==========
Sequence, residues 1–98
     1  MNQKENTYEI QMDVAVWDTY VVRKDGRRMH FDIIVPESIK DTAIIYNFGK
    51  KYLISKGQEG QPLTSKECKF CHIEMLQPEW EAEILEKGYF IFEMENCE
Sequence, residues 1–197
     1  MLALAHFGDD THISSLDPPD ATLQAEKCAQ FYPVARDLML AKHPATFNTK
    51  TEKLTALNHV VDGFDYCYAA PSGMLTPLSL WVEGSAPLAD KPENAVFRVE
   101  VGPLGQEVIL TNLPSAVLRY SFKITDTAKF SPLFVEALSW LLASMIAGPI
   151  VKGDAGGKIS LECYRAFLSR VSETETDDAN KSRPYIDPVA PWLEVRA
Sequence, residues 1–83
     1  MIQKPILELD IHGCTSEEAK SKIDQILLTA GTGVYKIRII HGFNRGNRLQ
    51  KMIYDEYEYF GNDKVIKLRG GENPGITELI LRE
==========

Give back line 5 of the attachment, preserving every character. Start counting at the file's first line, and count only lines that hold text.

     1  MLALAHFGDD THISSLDPPD ATLQAEKCAQ FYPVARDLML AKHPATFNTK